Commodity, energy stocks hit by sell-off
SHARES in commodity trading firms took another tumble yesterday, driving global stocks to their lowest in more than two years as pressure built on raw materials prices and emerging markets.
Falling energy and raw material prices also claimed new victims: A Japanese shipper filed for bankruptcy yesterday and global trading group Louis Dreyfus Commodities B. V. posted lower profits.
Giant mining and trading firm Glencore, whose shares fell by almost a third on Monday on investor concern over its debt levels, eked out gains of 9 per cent in early London trade but only after its Hong Kong-listed shares fell more than 30 per cent.
Australian energy shares also tumbled, with Santos, Origin Energy and Karoon Gas all losing around a tenth of their stock market value.
"There is a crisis of confidence and people are continuing to de-leverage commodity stocks exposure," said Benjamin Chang, chief executive of hedge fund LBN Advisers, which manages about US$600 million (S$857 million) in funds.
Investors sold off Glencore bonds, highlighting nerves over its debt burden and financial situation.
Glencore has been afflicted by the same issue facing other miners: the prolonged fall in global metals prices caused partly by a slowdown in China, which is the world's biggest consumer of metals.
Energy and commodity prices have fallen largely because of rising output following heavy investment into new assets while prices were still high, which has increasingly clashed with slowing demand in Asia, where China's economy is growing at its slowest pace in decades.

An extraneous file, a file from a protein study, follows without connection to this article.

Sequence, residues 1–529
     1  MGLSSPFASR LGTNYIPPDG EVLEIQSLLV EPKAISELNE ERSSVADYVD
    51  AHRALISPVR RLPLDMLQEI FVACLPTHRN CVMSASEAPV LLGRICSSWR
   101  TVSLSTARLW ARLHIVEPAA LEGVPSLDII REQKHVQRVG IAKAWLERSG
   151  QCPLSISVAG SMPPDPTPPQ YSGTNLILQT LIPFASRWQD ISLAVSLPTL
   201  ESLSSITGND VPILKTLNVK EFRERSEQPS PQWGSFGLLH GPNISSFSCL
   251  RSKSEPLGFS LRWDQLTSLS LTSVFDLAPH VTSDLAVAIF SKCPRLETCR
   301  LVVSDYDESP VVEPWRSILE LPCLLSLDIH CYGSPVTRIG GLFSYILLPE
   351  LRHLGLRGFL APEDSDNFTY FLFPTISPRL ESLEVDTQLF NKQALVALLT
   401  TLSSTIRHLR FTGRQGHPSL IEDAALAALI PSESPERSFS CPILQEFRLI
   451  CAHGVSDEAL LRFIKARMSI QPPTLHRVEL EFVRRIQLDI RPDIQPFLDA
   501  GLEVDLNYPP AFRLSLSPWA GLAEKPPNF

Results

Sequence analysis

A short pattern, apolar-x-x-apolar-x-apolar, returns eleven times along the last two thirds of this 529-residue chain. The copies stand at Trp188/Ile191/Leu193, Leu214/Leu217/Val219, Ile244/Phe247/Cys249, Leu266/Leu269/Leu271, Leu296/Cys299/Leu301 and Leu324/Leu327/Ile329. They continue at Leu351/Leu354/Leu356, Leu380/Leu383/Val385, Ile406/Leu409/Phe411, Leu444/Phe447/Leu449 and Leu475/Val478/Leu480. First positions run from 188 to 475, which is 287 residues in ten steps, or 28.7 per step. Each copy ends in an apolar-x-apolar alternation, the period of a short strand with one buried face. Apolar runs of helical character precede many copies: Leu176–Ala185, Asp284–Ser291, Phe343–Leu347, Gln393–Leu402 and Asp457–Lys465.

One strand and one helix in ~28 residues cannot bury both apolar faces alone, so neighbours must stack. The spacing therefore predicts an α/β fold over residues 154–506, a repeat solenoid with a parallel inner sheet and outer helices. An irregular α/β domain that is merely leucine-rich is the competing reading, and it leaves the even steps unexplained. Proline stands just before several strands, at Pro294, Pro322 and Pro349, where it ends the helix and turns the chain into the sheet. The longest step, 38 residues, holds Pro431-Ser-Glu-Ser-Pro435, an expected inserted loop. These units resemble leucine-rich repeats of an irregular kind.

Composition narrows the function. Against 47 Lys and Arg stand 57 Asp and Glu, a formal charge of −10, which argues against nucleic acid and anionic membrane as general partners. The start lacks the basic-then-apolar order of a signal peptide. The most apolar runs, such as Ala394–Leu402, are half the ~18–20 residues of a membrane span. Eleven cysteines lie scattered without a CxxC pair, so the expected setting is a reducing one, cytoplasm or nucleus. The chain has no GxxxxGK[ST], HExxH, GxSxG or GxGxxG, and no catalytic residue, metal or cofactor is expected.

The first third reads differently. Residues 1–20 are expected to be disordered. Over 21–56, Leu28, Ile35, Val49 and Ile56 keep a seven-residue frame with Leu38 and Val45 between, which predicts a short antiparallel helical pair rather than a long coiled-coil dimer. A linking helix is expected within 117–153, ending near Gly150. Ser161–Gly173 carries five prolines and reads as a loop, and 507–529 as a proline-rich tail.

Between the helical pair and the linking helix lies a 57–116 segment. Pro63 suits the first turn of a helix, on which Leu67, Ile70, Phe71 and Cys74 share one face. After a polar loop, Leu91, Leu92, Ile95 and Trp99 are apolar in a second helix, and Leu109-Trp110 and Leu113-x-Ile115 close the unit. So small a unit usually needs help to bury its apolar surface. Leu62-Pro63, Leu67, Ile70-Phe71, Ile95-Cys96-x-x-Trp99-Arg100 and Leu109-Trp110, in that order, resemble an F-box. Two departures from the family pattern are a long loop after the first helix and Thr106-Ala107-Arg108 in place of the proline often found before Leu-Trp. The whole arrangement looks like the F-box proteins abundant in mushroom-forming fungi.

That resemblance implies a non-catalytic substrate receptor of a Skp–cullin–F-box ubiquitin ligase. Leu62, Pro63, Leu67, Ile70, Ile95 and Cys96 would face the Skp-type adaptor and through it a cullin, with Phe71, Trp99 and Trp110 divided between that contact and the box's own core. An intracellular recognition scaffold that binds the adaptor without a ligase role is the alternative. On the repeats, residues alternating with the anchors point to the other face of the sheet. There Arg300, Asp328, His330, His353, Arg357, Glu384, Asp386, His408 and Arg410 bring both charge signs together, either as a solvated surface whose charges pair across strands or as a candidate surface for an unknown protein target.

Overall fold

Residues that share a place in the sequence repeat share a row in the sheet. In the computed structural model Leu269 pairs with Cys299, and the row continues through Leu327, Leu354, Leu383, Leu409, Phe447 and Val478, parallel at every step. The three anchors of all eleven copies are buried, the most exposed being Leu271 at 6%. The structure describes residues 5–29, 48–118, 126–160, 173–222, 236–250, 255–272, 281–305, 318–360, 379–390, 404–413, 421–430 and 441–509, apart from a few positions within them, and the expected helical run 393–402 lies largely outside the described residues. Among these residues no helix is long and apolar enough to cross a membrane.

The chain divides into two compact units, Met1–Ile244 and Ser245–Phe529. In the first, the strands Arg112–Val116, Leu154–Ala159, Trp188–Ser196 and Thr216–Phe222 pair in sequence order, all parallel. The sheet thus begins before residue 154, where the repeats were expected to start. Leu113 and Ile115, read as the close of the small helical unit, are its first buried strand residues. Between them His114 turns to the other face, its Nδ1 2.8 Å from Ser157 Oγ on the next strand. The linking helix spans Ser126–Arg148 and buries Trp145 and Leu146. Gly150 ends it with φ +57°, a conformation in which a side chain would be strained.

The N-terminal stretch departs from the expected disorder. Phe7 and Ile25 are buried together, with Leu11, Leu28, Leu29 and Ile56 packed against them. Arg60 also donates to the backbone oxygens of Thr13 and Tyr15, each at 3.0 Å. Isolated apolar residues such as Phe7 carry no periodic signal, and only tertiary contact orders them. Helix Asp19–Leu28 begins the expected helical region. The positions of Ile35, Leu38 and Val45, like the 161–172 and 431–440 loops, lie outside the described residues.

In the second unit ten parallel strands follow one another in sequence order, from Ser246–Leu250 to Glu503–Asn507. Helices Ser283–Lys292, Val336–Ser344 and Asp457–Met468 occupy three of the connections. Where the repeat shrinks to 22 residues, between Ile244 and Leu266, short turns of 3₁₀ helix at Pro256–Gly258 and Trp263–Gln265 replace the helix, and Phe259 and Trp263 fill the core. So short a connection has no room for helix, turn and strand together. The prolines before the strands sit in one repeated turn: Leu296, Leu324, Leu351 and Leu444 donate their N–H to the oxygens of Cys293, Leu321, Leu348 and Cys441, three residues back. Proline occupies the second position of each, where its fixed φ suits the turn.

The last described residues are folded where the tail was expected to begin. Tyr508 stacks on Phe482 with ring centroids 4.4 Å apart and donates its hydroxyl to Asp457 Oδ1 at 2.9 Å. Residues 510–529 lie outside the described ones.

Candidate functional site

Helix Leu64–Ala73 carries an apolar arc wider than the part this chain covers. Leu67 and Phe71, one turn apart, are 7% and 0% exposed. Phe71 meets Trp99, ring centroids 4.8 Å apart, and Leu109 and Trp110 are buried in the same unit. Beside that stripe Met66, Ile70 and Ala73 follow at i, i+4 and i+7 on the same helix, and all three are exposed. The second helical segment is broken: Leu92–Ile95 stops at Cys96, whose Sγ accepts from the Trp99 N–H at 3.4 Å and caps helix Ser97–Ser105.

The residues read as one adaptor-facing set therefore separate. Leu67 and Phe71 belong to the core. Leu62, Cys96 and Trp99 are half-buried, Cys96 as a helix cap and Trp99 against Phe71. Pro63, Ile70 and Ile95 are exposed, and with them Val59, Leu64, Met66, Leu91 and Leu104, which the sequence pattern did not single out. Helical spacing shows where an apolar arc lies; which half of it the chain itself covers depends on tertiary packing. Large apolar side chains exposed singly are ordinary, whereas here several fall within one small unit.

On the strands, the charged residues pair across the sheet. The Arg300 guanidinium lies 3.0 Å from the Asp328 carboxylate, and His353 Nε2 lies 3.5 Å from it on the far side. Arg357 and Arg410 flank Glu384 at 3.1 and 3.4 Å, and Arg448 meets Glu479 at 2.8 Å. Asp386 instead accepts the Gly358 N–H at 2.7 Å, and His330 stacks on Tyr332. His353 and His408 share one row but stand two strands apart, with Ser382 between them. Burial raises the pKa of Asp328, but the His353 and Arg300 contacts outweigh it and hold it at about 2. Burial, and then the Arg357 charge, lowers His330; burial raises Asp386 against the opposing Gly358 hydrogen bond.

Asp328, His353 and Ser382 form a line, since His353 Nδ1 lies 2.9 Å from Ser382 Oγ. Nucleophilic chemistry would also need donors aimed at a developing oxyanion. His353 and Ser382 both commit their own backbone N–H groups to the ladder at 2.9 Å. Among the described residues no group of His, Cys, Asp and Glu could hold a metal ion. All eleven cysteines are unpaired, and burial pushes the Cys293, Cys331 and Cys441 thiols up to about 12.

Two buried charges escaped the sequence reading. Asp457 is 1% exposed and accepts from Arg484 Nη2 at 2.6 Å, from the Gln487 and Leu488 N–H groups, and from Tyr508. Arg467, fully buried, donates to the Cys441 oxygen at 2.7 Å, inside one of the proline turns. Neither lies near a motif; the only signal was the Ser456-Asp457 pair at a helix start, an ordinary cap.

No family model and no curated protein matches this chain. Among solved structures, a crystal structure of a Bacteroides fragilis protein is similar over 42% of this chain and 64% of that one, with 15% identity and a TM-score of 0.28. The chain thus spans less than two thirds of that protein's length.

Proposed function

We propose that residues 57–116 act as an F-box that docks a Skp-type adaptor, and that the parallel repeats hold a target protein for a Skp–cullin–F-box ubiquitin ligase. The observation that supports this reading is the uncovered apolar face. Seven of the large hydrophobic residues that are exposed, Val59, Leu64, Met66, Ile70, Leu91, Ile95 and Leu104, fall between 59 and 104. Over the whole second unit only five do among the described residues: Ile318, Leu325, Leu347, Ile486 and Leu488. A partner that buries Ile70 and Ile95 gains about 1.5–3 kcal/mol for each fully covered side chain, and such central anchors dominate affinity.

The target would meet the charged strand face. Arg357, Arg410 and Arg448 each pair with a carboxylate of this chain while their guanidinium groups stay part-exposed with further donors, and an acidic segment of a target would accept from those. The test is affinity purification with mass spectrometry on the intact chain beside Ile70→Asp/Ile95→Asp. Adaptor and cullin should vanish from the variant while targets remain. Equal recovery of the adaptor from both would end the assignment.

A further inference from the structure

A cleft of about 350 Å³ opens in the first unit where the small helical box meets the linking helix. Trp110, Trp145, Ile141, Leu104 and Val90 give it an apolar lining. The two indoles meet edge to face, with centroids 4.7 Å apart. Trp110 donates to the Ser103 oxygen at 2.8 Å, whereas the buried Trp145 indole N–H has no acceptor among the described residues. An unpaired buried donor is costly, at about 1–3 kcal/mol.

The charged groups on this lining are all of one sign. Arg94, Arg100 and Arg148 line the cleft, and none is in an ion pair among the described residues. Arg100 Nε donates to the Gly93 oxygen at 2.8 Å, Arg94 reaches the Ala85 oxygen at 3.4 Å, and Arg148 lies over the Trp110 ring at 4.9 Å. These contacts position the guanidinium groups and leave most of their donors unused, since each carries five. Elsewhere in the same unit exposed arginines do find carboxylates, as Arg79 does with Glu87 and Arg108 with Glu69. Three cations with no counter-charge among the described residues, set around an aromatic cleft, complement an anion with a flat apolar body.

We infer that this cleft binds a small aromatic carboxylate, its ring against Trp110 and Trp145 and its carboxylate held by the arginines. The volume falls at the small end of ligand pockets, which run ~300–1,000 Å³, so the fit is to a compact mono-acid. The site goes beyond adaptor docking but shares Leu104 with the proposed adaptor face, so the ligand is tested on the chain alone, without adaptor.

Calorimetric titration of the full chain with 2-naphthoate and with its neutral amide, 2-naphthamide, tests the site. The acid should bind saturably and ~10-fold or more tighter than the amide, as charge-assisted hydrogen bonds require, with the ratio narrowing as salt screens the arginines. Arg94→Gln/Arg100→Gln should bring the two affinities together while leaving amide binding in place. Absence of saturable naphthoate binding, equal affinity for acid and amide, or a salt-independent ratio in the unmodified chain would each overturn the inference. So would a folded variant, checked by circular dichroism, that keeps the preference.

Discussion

The problems in the sector contributed to Louis Dreyfus reporting a steep drop in first-half profits yesterday.
The crisis has also hit the shipping sector, where dry-bulk merchant Daiichi Chuo Kisen Kaisha filed for protection from creditors yesterday.
Glencore's shares remain down by more than 80 per cent since it listed in 2011, at the last high point of a long commodities boom, with its market capitalisation briefly dipping below £10 billion (S$22 billion) for the first time.
Some traders were wary of buying into commodity stocks. "It is hard to make a case for buying commodity stocks in general with the current climate in China and emerging market volatility," said Thames Capital Markets' senior trader Gerren O'Neill.
European shares opened lower, following a slide to 31/2-year lows in Asia caused by concerns a slowdown in China will dent its previously massive demand for commodities.
Emerging equities dropped 1 per cent while sovereign dollar bond yield spreads hit 61/2-year highs on doubts about the credit worthiness of commodity exporting countries and companies.
Copper lost 0.4 per cent after hitting a one-month low below US$5,000 a tonne on Monday. It last traded at US$4,945, within reach of a 61/2-year low below US$4,855.
Platinum fell below US$900 an ounce for the first time since 2009, on fears that the emissions scandal embroiling German carmaker Volkswagen could hit demand from the auto sector.
Gold fell 0.4 per cent to US$1,126.60 an ounce on worries United States interest rates could rise later this year.
Commodity-linked currencies were hit hard, with the Australian dollar trading near 61/2-year lows before recovering. Instead, investors sought safety in the Japanese yen and Swiss franc, which traditionally do well in times of uncertainty.
"Everybody is looking at stock prices for trading clues. Those who usually love to look at interest rate gaps are also watching stocks," said Masatoshi Omata, senior client manager at Resona Bank.